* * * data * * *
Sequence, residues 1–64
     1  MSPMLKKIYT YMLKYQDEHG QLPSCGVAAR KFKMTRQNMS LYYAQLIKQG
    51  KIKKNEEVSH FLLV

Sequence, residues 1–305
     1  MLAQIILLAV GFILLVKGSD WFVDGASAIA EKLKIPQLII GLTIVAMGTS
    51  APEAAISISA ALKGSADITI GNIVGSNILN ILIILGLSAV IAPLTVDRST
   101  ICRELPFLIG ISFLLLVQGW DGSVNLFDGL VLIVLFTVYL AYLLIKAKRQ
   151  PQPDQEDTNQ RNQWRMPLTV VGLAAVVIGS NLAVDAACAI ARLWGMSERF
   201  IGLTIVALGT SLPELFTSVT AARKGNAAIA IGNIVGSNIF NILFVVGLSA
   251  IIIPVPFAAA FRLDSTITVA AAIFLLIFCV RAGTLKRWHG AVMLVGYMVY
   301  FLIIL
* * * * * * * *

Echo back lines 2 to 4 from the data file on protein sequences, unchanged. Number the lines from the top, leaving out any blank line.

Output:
     1  MSPMLKKIYT YMLKYQDEHG QLPSCGVAAR KFKMTRQNMS LYYAQLIKQG
    51  KIKKNEEVSH FLLV

Sequence, residues 1–305